Frozen desserts from days gone by
Frozen delicacies are not a modern invention: the first iced desserts appeared in China in 3000 BCE, while the first sorbet machines arrived on the market in 1872.
Confectioners made sorbets long before freezers were invented. Ancient Middle-Eastern recipes for sharbats (syrup cooled in snow) originated in what is now Iran and Turkey. These sweet concoctions arrived in Europe in the 16th century.
In the 18th century, the appearance of ice-cream moulds enabled the creation of desserts. A sweet preparation was placed in moulds of various shapes and sizes, which would then be plunged into crushed salted ice, resulting in unusually shaped frozen creations. By the 19th century, the crank-operated ice-cream machine had been developed, followed towards the end of the 20th century by an electric version.
By mixing ice and salt, ice-cream makers were able to take advantage of a natural phenomenon to obtain temperatures similar to those of modern freezers. The transformation of water into ice (freezing) and of ice into water (fusion) takes place at precisely 0°C.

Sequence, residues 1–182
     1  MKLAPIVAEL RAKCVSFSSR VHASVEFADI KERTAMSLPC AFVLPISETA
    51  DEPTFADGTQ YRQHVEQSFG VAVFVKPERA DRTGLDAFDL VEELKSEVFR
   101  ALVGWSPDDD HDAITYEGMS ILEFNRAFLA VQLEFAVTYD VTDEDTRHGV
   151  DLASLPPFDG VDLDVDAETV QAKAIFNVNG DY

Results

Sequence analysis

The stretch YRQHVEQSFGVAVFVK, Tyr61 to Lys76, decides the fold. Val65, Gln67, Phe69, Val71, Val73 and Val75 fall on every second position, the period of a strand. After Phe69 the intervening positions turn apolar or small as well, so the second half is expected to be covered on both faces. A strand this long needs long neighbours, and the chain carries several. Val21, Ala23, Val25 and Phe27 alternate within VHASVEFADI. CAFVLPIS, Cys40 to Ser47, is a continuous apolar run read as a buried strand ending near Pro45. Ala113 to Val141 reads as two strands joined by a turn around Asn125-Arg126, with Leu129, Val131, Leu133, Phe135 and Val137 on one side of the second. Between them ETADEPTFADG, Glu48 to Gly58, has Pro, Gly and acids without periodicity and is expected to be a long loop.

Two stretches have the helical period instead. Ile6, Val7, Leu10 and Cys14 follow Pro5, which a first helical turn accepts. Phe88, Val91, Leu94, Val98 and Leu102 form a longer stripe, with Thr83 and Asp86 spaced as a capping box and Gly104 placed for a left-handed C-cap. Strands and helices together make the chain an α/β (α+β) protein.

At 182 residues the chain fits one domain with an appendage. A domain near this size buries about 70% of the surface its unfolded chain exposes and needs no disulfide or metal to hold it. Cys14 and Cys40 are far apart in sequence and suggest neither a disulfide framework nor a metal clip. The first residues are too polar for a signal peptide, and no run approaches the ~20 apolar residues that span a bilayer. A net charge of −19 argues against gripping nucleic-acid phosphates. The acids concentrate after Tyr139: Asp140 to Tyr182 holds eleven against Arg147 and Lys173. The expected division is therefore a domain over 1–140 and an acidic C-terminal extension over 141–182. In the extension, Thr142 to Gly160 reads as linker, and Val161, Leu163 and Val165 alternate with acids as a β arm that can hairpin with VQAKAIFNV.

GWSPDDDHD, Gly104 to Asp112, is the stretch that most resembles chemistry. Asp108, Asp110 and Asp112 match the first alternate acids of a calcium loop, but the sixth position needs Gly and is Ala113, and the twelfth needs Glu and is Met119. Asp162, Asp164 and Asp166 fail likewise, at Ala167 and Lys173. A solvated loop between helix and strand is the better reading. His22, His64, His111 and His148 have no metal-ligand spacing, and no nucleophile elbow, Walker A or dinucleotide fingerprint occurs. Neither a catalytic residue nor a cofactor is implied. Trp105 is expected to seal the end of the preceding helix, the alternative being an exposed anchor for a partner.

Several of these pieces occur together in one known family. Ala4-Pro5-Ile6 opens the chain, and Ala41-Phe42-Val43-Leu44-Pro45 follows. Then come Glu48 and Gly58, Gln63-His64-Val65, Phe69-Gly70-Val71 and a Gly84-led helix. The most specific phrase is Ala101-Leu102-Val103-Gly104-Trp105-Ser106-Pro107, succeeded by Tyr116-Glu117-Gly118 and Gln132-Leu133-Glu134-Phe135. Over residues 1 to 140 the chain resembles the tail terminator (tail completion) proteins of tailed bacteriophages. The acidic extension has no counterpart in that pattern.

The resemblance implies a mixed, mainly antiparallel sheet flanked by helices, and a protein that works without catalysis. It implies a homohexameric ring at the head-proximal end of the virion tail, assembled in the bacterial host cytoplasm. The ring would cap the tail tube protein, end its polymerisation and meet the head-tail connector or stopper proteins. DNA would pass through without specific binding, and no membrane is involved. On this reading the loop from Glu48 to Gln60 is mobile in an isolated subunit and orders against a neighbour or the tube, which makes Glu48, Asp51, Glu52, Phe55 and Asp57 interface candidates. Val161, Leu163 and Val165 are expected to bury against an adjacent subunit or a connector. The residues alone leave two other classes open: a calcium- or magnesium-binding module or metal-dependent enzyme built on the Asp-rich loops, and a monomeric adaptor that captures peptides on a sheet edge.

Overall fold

The phenomenon can be more easily understood by observing a manually operated sorbet machine. This device consists of several components: a large wooden recipient, a cylindrically-shaped metal container (metal being an efficient conductor of heat), a lid and an internal scraper operated by a crank. The wooden container is filled with a mixture of ice and salt. The mixture to be frozen is placed in the metal cylinder. The scraper is then operated by the crank and the mixture is gradually turned into an iced dessert. The addition of salt to a solution of melting ice (in an insulated container) results in spontaneous cooling of the mixture.
The 18th century saw dairy-based ice creams and fruit sorbets very similar to those that we enjoy today. However, there were some surprising flavours, such as spices, truffles, rye bread and even cheese!